The mission of the Autism Society of Alabama is to improve the quality of life of persons with Autism Spectrum Disorders and their families through education, advocacy, and support. The Autism Society of Alabama (ASA) has been a volunteer organization directed by its Board of Directors for over 10 years. Between March 1997 and July 1997, members of ASA participated in a series of four "strategic planning" meetings. These meetings were held throughout the State of Alabama. Under the direction of a consultant, the strategic planning process helped the membership of the ASA to clarify its vision, mission, values and program goals. Members who participated in this planning process now have a sense of hope for the future and a strong commitment to work together to see their Mission and Vision become a reality. Individuals with Autism Spectrum Disorders and their families are the constituency served by ASA. For FY 98/99 funds were secured to allow the ASA to hire an Executive Director and to begin implementation of PROJECT ACTION and other initiatives proposed in the strategic plan. ASA continues to revistit he strategic plan and make changes to best serve the needs of persons with autism spectrum disorders and their families.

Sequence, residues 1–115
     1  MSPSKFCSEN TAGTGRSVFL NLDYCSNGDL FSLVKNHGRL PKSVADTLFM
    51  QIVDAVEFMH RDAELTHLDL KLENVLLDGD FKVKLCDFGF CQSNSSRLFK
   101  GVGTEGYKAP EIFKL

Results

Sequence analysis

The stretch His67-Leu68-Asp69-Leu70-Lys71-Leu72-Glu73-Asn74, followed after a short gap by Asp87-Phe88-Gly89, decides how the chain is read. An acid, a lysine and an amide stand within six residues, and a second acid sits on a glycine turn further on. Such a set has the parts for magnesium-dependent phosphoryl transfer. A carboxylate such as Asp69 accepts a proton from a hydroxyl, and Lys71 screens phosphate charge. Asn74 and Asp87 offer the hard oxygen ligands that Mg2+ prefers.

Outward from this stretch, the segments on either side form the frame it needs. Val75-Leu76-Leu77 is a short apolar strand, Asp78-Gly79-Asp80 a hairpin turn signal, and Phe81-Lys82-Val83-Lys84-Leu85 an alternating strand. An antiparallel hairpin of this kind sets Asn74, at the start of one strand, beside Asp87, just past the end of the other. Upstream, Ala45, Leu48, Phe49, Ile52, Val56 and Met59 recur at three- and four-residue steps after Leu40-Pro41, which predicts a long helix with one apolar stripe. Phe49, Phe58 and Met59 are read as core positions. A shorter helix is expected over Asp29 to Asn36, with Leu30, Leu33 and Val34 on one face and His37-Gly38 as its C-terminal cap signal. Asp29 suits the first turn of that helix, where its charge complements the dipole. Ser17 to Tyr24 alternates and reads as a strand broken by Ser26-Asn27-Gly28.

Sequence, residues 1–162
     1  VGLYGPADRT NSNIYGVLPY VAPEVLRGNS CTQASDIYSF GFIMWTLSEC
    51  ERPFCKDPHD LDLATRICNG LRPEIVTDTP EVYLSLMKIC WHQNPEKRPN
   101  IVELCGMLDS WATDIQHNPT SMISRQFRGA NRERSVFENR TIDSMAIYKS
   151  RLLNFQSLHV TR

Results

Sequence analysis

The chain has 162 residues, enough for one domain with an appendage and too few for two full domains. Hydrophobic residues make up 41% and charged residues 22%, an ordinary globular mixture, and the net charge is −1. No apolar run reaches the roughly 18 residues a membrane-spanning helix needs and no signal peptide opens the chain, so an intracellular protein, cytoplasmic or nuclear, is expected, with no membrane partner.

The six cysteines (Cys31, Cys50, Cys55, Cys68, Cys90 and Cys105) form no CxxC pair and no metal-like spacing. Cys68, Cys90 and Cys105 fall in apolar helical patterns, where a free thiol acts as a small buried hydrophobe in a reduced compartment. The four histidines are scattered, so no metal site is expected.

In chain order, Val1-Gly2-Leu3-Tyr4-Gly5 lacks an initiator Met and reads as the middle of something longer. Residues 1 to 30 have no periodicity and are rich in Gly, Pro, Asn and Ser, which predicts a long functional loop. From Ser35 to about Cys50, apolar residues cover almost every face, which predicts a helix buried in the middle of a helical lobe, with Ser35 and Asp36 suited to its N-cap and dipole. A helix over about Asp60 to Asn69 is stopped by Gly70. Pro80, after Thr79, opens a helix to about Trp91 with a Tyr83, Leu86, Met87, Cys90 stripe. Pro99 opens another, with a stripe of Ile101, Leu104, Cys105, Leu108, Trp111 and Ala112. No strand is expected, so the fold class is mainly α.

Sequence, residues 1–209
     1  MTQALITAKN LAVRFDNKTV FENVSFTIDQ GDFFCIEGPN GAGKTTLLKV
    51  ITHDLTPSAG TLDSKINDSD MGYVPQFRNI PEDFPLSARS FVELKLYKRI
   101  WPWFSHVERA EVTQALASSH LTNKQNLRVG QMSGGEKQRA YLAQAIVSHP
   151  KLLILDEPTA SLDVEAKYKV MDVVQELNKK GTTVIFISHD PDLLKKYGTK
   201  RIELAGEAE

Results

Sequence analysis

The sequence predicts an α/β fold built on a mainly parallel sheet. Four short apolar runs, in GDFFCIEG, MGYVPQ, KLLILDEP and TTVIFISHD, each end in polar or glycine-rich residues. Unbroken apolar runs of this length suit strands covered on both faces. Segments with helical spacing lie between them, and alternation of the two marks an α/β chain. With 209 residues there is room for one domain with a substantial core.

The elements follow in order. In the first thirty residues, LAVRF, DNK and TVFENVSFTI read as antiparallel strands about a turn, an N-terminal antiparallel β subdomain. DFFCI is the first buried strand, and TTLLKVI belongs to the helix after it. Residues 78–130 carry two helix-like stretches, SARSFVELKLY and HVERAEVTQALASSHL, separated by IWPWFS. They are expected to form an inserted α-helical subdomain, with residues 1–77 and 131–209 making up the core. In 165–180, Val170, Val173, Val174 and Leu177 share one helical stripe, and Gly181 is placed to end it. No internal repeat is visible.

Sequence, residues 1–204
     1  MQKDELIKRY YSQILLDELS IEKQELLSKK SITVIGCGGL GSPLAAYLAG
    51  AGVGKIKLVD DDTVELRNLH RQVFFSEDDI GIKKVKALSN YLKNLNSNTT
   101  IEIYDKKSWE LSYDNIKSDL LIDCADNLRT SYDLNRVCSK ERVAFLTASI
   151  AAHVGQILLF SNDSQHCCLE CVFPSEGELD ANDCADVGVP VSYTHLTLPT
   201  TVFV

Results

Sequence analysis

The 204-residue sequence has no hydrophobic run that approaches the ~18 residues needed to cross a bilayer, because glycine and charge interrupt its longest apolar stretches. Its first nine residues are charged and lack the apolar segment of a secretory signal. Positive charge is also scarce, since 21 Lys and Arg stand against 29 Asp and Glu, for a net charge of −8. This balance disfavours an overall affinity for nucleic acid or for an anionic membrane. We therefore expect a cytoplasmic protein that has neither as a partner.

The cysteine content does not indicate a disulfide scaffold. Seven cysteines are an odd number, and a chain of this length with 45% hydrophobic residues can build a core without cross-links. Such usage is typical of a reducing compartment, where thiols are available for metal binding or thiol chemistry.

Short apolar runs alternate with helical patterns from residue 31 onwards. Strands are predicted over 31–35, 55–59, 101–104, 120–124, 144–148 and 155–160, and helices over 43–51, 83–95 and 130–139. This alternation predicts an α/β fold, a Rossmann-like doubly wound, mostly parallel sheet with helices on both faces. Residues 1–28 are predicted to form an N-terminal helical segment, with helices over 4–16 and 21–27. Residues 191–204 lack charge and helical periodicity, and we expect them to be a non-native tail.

The Autism Society of America was founded in 1965 by Bernard Rimland, Ph.D.,who authored in late 1964, his book, Infantile Autism: The Syndrome and Its Implications for a Neural Theory of Behavior one of the first on autism. In 1968, Ruth Sullivan, Ph.D. became the organization’s first elected president. The mission of the Autism Society of America is to promote lifelong access and opportunity for all individuals within the autism spectrum, and their families, to be fully participating, included members of their community. Education, advocacy at state and federal levels, active public awareness and the promotion of research form the cornerstones of ASA's efforts to carry forth its mission.